Here’s a great opportunity to hear art educator Paul Carney introduce his book ‘Drawing to Learn Anything’. As he says “Do not be put off using this book if you can’t draw. If you can write your name you will be able to use the simple drawing techniques outlined.” Being able to represent information visually for yourself and to your learners can be such a useful skills when you work in education. There are many opportunities for you to use drawing as one of your teaching approaches when supporting learning in all subjects in the curriculum. You can also use drawing to help you take useful notes and collect information as part of your university course.
This week I gave an online talk at the Primary Art Craft Design Network Meeting for County Durham Art Co-ordinators. It was based around using audio and images together in viewing and making art.
Here is the digital book used to support the talk. It includes details of how to use the BBC Sound Effects website; how to make a Google Slide with added audio; how to ‘hide’ sound effects in a BookCreator image and using ThingLink to add sound to images along with other ideas about being creative with sound and images.
Some useful resources to support learning in mathematics:
The Association of Teachers of Mathematics (ATM) have put together a collection of resources to support mathematics away from the screen. You can access it here. It is huge collection of useful recommendations from members of the ATM/MA joint primary group and well worth exploring.
One of my colleagues here at the University of Northampton, Lucy Westley, made this mathematics digital classroom using GoogleSlides. It gives you the opportunity to explore the range of mathematics resources available to support learning. Have a look at it here.
Another interesting resource is this from Mathigon. It gives you access to a wide range of mathematics manipulatives to use in digital learning, along with puzzles, games and information to use in supporting learning.
This week (1st to 7th February) is Children’s Mental Health Week in the UK. This year’s theme is Express Yourself. The website that supports the week’s activities can be accessed here.
There are supporting resources to use with primary and secondary pupils and free training for adults through Place2be’s Mental Health Champions Programme available here.
You can find a fantastic series of video virtual sessions called “I express myself through…” that explore ways for children to express themselves creatively. These include: art, dance, creating content, writing and acting. These resources can be viewed here and are on the YouTube playlist below.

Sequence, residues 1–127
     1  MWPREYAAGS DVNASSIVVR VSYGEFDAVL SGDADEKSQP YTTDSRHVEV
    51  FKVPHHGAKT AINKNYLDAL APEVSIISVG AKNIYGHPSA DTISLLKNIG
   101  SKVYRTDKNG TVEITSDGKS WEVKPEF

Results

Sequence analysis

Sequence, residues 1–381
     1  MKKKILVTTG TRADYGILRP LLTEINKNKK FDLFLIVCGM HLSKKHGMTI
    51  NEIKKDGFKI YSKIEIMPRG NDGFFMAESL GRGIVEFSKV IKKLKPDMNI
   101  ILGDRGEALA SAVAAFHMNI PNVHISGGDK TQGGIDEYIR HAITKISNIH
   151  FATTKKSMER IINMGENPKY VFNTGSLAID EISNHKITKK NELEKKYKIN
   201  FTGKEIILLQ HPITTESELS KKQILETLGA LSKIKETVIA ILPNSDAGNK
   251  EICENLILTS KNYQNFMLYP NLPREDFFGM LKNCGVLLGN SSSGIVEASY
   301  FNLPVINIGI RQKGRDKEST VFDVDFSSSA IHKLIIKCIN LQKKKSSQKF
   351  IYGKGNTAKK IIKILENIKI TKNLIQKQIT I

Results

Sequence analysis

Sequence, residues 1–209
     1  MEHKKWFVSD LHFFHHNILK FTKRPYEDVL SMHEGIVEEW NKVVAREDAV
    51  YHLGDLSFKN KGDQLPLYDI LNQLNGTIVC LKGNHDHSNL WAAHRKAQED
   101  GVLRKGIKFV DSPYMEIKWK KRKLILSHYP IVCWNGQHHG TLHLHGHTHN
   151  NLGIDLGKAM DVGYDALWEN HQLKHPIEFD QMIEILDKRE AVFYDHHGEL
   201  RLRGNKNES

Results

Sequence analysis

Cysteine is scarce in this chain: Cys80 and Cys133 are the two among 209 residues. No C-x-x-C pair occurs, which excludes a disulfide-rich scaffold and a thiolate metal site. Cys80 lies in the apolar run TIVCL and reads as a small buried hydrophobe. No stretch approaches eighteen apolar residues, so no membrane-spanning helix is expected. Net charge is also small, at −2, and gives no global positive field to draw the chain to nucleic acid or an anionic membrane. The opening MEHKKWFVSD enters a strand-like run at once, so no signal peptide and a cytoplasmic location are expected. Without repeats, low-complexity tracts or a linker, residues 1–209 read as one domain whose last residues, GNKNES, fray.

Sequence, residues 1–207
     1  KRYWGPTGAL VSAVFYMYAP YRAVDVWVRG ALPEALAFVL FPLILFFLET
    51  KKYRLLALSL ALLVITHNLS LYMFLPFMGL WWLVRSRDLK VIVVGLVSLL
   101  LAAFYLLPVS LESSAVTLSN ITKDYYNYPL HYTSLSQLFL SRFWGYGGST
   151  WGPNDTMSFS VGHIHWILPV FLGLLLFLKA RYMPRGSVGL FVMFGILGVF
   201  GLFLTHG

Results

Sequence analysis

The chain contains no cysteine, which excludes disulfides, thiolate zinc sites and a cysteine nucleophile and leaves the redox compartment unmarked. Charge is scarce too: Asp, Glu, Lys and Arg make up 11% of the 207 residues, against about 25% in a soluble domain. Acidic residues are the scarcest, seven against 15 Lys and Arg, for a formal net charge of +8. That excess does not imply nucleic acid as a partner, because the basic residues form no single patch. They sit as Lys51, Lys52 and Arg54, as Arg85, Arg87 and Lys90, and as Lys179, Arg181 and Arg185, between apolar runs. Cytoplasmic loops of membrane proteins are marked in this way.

BBC Sound Effects is a useful site that can be used to create resources. It can be accessed here.
As can be seen on the screenshot there is a ‘mixer mode’ where sounds can be chosen and played together to create a soundscape. Have a go at this here.
Combining sounds with images can be an interesting and creative activity. Here’s an example I have made, adding environmental sound to Georges Seurat’s painting ‘A Sunday afternoon on the Island of La Grande Jatte’. I have used a Google Slide. I’ve chosen and downloaded the sounds to Google Drive and then used ‘insert / audio’ to add them to the slide.
It would be possible to do this in Powerpoint, BookCreator and ThingLink.
Mote is a Chrome extension. It allows you to add voice feedback within Google Classroom, Docs, Slides etc. The free version allows you to record for 30 seconds and the various subscriptions allow for 90 seconds of recording at a time.
How do I add it?
Here is a short video to show you how to add it.
How do I use it?
There are more videos about how to use it here including this one below about using Mote.
You will probably have come across the site WindowSwap this week. It can be accessed here.
It is a simple series of video views through windows around the world and as such has so much potential for use in learning.
Each window lasts ten minutes and includes sound, which can be switched on or off. You can move on to another random window by clicking the bar at the bottom of the screen and the name of the place where the window is appears in the top right of the screen. The one you can see here is in Hazelbrook, New South Wales, Australia.
Here’s a Jamboard with some ideas for using WindowSwap and you can see it as a Jamboard here. I’m sure you will have lots of other ideas too – why not add them as comments below?